Melissa explains to Michelle King Robson when she decided to have caregivers at her side and what they do to help her through lung cancer treatment.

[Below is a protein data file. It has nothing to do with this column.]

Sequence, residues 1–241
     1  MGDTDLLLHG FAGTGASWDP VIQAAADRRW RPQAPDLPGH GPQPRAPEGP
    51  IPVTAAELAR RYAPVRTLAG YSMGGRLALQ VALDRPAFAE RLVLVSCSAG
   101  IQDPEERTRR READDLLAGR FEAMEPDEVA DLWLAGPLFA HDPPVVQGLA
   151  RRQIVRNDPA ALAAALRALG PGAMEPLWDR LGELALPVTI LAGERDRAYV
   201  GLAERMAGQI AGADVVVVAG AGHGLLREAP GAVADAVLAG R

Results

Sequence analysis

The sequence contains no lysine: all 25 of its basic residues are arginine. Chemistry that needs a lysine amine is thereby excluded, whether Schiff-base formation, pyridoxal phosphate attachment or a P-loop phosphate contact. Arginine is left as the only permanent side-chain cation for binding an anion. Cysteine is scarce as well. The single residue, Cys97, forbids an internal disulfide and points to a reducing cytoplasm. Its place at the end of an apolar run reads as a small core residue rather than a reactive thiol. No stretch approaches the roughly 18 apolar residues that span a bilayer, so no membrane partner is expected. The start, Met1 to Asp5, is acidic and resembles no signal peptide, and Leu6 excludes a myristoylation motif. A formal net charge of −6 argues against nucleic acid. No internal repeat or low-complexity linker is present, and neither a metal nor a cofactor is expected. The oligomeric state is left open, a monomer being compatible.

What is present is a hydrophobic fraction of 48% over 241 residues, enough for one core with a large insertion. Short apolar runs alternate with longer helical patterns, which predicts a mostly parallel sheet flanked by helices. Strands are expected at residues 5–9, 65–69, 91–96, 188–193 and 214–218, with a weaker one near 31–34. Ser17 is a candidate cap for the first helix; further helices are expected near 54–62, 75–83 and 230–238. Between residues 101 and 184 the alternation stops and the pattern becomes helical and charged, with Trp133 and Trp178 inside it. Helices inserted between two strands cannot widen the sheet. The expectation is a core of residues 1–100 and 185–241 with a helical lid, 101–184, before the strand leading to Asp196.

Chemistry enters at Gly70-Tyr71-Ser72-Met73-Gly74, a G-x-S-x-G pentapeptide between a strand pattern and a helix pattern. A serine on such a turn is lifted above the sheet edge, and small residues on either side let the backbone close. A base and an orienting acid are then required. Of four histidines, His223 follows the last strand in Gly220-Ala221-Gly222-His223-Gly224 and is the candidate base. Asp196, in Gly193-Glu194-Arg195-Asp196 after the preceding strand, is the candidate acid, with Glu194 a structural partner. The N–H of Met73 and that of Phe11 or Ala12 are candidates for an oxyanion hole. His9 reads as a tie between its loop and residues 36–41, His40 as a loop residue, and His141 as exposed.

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Michelle: So Melissa, you have caregivers that help you. How did this happen and what are these caregivers doing to really help you with your health? Melissa: The caregivers have been absolutely phenomenal and I don’t think that I would have made it this far and been able to stay positive without that. They handle everything from making sure that I am getting to appointments on time, helping me to drive to the appointments because I can’t drive on certain medication, making sure that I am taking my pills on time because I will forget sometimes when to take them, making sure that I have a shoulder to cry on if I need it. They really are almost like a personal assistant. Michelle: With your health. Melissa: With my health, yeah. And I’ve had everybody from family members to friends to relatives, all help out. And everybody is different in their own unique way. We had talked about the blog before. Every caregiver that comes to stay with me writes a journal about what they see and it’s different seeing through their eyes what the process is and what they are feeling. And I, I think that being a caregiver is almost as difficult, if not even more difficult, than actually having the cancer because, you know, from their point of view there’s not a lot that they can do. They can be there to support you and help you manage your day-to-day life but, you know, they want to take the pain away and want to help you as much as they can but there’s a limit to that. So I almost feel like they have it, they have it worse than I do. Michelle: But they, but it’s a way for them to help you in a way that’s really useful to you as the patient and also makes them feel really good. Melissa: Absolutely. Michelle: That they can support you and what a great way to support you. So they do everything. I understand that you have your sister who does the scheduling. Melissa: Yes, my sister, she is in charge of scheduling caregivers from when they come down here because I would have tons of people calling me, saying, “Hey, when can I come down?” And it’s just, it’s too much for me to handle or even think about. So, she would draw up a schedule every month and say, “Okay, we have somebody this week to this week. Why don’t you come in August,” and that was a huge help, just coordinating that. I have another sister who, she was in charge of coordinating all of the medical documents and making, talking with hospice or home healthcare, or talking with the doctor and making sure that I was getting all my medical records. I had, you know, my parents had their particular job and then I would have friends that their job is to drive me places or just being there for support, so. Michelle: Such a great way, that’s such a great way to help you and such a great gift. Melissa: Absolutely, yeah. Michelle: Thank you for sharing that.
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